- What are picocells? Picocells are slightly larger base stations than femtocells, approximately the size of an A4 ream of paper. They provide a larger area of coverage than femtocells (up to 200 meters / 656 feet) and use more power (250 milliwatts) and bandwidth. They are typically installed in buildings, or aircraft to provide coverage or boost network capacity in high traffic areas where the phone and device usage is high. They are advantageous where achieving macrocell coverage is difficult and each picocell can be used by up to 70 devices. Picocells connect to a base station controller (BSC) that will manage the transfer of data between the picocell and the nearest switching center or gateway via a wired or fiber connection. Pico cells are more integrated with macrocells and enhance mobile data capacity where there is existing network coverage.
- What is a microcell? Microcells are another solution for adding capacity to an area with existing cellular coverage and may be used interchangeably with picocells. These miniaturized cell towers are slightly larger than picocells and can achieve coverage of up to 2 kilometers (1.2 miles) with a wired or fiber backhaul. The power (2 to 5 Watts) of the microcell will determine its coverage, which can be used in malls, stations, and stadia. Microcells can be used exclusively to form networks with handover between individual cells. Microcells are more expensive than femtocells and picocells and are typically used in commercial settings.
- What are Metrocells? Metrocells are compact base stations that are distributed in outdoor settings in urban areas to enhance capacity, speed and quality of service for commercial cellular networks. They are installed by cell phone companies and operate primarily in the licensed spectrum. Their smaller size enables metrocells to be mounted unobtrusively on lampposts, bus shelters or advertising boards, and other urban structures. Metrocells are designed to provide a specific level of cover that is specified by the network operator. They are monitored and managed by the operator to ensure that they provide low latency and interference-free coverage of up to 200 meters (328 feet).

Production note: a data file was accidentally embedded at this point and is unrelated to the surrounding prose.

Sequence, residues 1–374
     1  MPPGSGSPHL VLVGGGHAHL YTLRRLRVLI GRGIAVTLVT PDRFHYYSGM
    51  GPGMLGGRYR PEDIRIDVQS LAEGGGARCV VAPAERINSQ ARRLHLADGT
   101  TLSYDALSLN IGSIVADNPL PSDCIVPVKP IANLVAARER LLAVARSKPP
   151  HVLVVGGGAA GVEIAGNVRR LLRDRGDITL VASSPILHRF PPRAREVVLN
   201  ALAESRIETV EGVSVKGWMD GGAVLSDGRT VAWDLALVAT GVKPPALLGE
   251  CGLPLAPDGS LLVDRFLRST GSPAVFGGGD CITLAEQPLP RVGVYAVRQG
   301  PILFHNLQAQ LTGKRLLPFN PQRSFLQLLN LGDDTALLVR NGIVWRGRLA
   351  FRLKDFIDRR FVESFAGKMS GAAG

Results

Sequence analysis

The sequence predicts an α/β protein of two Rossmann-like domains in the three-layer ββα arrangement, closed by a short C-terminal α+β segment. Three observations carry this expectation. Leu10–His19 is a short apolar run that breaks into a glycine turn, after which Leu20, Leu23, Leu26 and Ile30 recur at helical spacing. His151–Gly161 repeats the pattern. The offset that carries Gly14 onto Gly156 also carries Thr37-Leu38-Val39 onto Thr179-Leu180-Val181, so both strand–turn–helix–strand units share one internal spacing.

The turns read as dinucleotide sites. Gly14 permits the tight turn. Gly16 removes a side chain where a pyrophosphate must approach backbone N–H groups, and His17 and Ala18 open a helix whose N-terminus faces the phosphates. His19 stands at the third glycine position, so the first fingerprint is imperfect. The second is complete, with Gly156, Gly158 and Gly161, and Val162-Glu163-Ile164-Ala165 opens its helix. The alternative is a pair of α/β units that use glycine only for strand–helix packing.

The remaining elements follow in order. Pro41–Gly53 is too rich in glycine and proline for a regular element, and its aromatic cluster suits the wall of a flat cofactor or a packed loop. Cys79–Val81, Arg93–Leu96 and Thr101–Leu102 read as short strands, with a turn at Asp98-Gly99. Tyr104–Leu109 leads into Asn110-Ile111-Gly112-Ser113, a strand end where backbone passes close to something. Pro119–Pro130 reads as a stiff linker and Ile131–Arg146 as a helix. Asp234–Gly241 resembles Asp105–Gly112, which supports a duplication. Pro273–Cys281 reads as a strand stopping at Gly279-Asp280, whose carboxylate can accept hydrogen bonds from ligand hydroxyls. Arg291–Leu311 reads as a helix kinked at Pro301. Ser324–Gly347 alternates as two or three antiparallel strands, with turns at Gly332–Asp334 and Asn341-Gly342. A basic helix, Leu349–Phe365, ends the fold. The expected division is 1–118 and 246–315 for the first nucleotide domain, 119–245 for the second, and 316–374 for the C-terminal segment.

Small cells can be used as:
- Home base stations (Home BS): small cells that are used in the domestic setting.
Local area base stations (Local Area BS): These are enterprise cellular networking solutions that are designed for offices and other commercial environments. They can provide service to the general public that pass through indoor environments like train or bus stations.
- Medium range base stations (Medium Range BS): These base stations provide extended coverage and are networked for use in rural or remote areas like villages. Depending on the design of the base station, these base stations can be rapidly deployed for an emergency or disaster situation.
- In-building systems (IBS): An in-building system is designed to provide cellular coverage in a building.
It is also possible to network small cells as nodes within a distributed antenna system, with each small cell within the system providing an individual low-power area of coverage. The equivalent coverage of all the nodes would match a macrocell without the space and infrastructure required for building a large cell tower. Small cell installations can be mobile as well as stationary, with small cells increasingly used onboard aircraft, shipping, and trains.
Why are small cells important?
Increased end-user demand
Small cells are increasing in prevalence to meet the rapidly increasing demand for mobile connectivity. This is primarily driven by the smartphone which accounts for over 50% of cellular network connections globally. Smartphones are also responsible for increased use of cellular devices indoors (now over 80% of mobile usage) with increased data consumption per device.